The Danish Girl

****1/2

Reviewed by: Jennie Kermode

Eddie Redmayne in The Danish Girl
"This is a story of artists and models, the common outsider's perception that art is about creating fantasies, the much more challenging reality that it's about drawing out truth."

Who is the Danish girl? The only person herein referred to that way is the painter Gerda Gottleib (Alicia Vikander); it's a term edged with dismissiveness, her work seen as having less value because she is a woman. Why can't she paint more like her husband, Einar Wegener? Perhaps because Einar doesn't exist. In a film replete with painterly imagery, he's a carefully constructed illusion, and Gerda's artistic skill will gradually reveal what's underneath, even if she doesn't want to see it. This is a story of artists and models, the common outsider's perception that art is about creating fantasies, the much more challenging reality that it's about drawing out truth.

In the couple's flat is a little dog, a Jack Russell, the perfect dog for an artist of the period. One side of its face is white and one is brown, so it can be portrayed as two different animals; it presents itself according to its masters' needs. The flat is full of artists' accoutrements: paints and props and costumes. When Gerda's model is late, she asks Einar to put on her stockings and shoes so that she can finish a painting. They will become the first of many in what becomes an erotic game but quickly spirals out of control as far as both participants are concerned. The more time Einar spends as Lili, the more it becomes apparent that Gerda's desires have collided with something very real. Her own raging against the gender boundaries imposed on her by society is qualitatively different from Lili's experience, emerging from Einar, not rejecting masculine constraints but simply not being male.

Copy picture

Given this aspect of he character, and given the historical importance of the real life Lili (herein subject to some artistic license), The Danish Girl has been heavily criticised for its failure to cast a trans woman in the role. Whilst this is certainly problematic in some ways - trans actors are woefully underrepresented in Hollywood and, if they come out, practically never get cast in non-trans roles - there's no doubt that Eddie Redmayne excels in the role. Importantly, he understands that he's not playing a man magically transforming into a woman - he's playing a single individual going through a process of self-recognition and starting to change the external to fit the internal rather than the other way round. Before the experiments with clothing begin, we are already looking at somebody who doesn't quite fit in. It's an unspoken truth about the trans experience - that, though one might be ridiculed for attempting to live in a different gender role, it's often at least as difficult to convince in the role one was given at birth.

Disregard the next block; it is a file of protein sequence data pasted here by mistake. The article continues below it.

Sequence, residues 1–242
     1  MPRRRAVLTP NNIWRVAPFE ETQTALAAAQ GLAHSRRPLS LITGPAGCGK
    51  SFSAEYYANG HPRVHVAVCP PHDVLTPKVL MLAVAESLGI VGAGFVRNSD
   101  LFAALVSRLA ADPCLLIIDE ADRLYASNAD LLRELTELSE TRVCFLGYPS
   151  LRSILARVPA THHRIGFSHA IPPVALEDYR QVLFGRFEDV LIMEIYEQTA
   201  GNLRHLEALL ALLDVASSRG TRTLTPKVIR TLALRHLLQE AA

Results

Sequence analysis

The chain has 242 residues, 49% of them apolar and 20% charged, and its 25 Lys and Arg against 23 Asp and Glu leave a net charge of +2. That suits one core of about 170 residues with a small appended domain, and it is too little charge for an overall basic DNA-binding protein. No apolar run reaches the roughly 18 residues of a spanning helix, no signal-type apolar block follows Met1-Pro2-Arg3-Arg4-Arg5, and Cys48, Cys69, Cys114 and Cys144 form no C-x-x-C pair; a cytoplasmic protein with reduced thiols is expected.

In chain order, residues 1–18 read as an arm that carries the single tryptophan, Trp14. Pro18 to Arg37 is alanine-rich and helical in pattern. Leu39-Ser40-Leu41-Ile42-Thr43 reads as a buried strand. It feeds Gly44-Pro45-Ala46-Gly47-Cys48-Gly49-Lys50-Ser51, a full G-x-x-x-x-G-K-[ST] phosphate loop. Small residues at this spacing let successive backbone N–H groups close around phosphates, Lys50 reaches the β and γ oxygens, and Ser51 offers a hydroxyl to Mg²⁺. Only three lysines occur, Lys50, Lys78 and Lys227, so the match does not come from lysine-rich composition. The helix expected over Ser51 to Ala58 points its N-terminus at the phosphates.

David Lynch in Twin Peaks and, more recently, Sean Baker in Tangerine have shown us the essence of trans female characters by letting us get used to them before showing them presenting in a masculine way, so that we see them as women regardless. The Danish Girl pulls this trick early on, largely due to the strength of Redmayne's acting, with Lili clearly visible when she tries to return to presenting herself as Einar. It is when she takes off her make-up, rather than when she puts it on, that her femininity is revealed. Again using the language of art, director Hooper lets us see her posing, exploring her shape and the ways in which what we read as feminine is communicated through performance as much as through flesh, but he never makes the mistake of reducing the issue to one of performance. Redmayne is just as effective at communicating the pain associated with dysphoria. Few people will come away from this thinking Lili had a choice about how to live her life.

The historicity of the story enables Hooper to avoid many latterday clich├ęs, and he deftly sidesteps the potential for farce when Lili first starts to go out and attract the attention of men. Ben Whishaw works well as the friend whose sexual interest firsts boosts her confidence and then enables her to understand what she is not - that this is not a matter of sexual orientation. Matthias Schoenaerts displays the same sensitivity he brought to Far From The Madding Crowd as a man draw to both Lili and Gerda (and perhaps once to Einar) but aware of his limited ability to help. The role of Gerda was at times assigned to some of the biggest names in the business but Vikander fills it perfectly and gives the underrated painter her own depth, revealing her as much more than the wife of somebody accidentally famous.

Danny Cohen's cinematography and Alexandre Desplat's music round out a superb production, and for once, given the artistic context, there is a proper excuse for the gorgeous costuming alongside the drama - Paco Delgado acquits himself well. The film suffers from small imperfections. The exchanging of a scarf happens so frequently that it starts to seem ridiculous, and a twee final scene reduces the power of the ending. Overall, though, this is a superb piece of work.

Reviewed on: 30 Nov 2015
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The story of transgender pioneer Lili Elbe.
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